Pareto {EnvStats}R Documentation

The Pareto Distribution


Density, distribution function, quantile function, and random generation for the Pareto distribution with parameters location and shape.


  dpareto(x, location, shape = 1)
  ppareto(q, location, shape = 1)
  qpareto(p, location, shape = 1)
  rpareto(n, location, shape = 1)



vector of quantiles.


vector of quantiles.


vector of probabilities between 0 and 1.


sample size. If length(n) is larger than 1, then length(n) random values are returned.


vector of (positive) location parameters.


vector of (positive) shape parameters. The default is shape=1.


Let X be a Pareto random variable with parameters location=\eta and shape=\theta. The density function of X is given by:

f(x; \eta, \theta) = \frac{\theta \eta^\theta}{x^{\theta + 1}}, \; \eta > 0, \; \theta > 0, \; x \ge \eta

The cumulative distribution function of X is given by:

F(x; \eta, \theta) = 1 - (\frac{\eta}{x})^\theta

and the p'th quantile of X is given by:

x_p = \eta (1 - p)^{-1/\theta}, \; 0 \le p \le 1

The mode, mean, median, variance, and coefficient of variation of X are given by:

Mode(X) = \eta

E(X) = \frac{\theta \eta}{\theta - 1}, \; \theta > 1

Median(X) = x_{0.5} = 2^{1/\theta} \eta

Var(X) = \frac{\theta \eta^2}{(\theta - 1)^2 (\theta - 1)}, \; \theta > 2

CV(X) = [\theta (\theta - 2)]^{-1/2}, \; \theta > 2


dpareto gives the density, ppareto gives the distribution function, qpareto gives the quantile function, and rpareto generates random deviates.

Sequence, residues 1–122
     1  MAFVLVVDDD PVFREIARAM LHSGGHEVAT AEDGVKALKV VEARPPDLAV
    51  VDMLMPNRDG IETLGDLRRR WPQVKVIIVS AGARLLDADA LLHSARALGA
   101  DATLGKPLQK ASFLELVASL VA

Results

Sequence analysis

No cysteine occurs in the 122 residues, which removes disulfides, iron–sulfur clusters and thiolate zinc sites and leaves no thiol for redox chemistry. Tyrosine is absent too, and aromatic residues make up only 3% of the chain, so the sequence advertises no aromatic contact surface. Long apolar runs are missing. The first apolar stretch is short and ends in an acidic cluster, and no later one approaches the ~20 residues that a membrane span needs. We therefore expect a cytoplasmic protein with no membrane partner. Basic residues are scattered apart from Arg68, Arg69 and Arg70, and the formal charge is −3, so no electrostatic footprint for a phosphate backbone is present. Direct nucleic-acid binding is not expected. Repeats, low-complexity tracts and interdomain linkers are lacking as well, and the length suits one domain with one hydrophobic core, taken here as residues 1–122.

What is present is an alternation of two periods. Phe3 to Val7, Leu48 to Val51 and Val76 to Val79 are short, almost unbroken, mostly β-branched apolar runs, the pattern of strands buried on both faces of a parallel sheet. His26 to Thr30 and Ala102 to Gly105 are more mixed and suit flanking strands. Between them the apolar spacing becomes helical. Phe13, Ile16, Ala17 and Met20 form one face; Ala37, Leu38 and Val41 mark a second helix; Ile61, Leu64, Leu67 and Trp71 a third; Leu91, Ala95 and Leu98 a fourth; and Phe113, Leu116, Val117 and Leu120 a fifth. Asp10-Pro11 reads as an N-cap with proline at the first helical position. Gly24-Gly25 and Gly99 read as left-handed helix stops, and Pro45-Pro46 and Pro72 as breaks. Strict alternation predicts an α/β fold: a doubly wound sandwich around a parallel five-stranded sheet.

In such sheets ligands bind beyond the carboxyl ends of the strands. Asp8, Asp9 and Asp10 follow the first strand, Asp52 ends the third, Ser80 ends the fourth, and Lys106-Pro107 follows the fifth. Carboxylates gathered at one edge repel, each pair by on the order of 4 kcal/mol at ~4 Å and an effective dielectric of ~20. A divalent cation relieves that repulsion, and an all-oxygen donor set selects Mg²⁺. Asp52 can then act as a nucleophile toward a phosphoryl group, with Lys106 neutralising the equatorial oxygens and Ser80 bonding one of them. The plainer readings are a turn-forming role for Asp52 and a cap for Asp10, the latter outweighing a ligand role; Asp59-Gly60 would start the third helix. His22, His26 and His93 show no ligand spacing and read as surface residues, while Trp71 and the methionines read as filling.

The Pareto distribution is named after Vilfredo Pareto (1848-1923), a professor of economics. It is derived from Pareto's law, which states that the number of persons N having income \ge x is given by:

N = A x^{-\theta}

where \theta denotes Pareto's constant and is the shape parameter for the probability distribution.

The Pareto distribution takes values on the positive real line. All values must be larger than the “location” parameter \eta, which is really a threshold parameter. There are three kinds of Pareto distributions. The one described here is the Pareto distribution of the first kind. Stable Pareto distributions have 0 < \theta < 2. Note that the r'th moment only exists if r < \theta.

The Pareto distribution is related to the exponential distribution and logistic distribution as follows. Let X denote a Pareto random variable with location=\eta and shape=\theta. Then log(X/\eta) has an exponential distribution with parameter rate=\theta, and -log\{ [(X/\eta)^\theta] - 1 \} has a logistic distribution with parameters location=0 and scale=1.

The Pareto distribution has a very long right-hand tail. It is often applied in the study of socioeconomic data, including the distribution of income, firm size, population, and stock price fluctuations.


Steven P. Millard (


Forbes, C., M. Evans, N. Hastings, and B. Peacock. (2011). Statistical Distributions. Fourth Edition. John Wiley and Sons, Hoboken, NJ.

Johnson, N. L., S. Kotz, and N. Balakrishnan. (1994). Continuous Univariate Distributions, Volume 1. Second Edition. John Wiley and Sons, New York.

See Also

epareto, eqpareto, Exponential, Probability Distributions and Random Numbers.


  # Density of a Pareto distribution with parameters location=1 and shape=1, 
  # evaluated at 2, 3 and 4: 

  dpareto(2:4, 1, 1) 
  #[1] 0.2500000 0.1111111 0.0625000


  # The cdf of a Pareto distribution with parameters location=2 and shape=1, 
  # evaluated at 3, 4, and 5: 

  ppareto(3:5, 2, 1) 
  #[1] 0.3333333 0.5000000 0.6000000


  # The 25'th percentile of a Pareto distribution with parameters 
  # location=1 and shape=1: 

  qpareto(0.25, 1, 1) 
  #[1] 1.333333


  # A random sample of 4 numbers from a Pareto distribution with parameters 
  # location=3 and shape=2. 
  # (Note: the call to set.seed simply allows you to reproduce this example.)

  rpareto(4, 3, 2)
  #[1] 4.274728 3.603148 3.962862 5.415322

[Package EnvStats version 2.8.1 Index]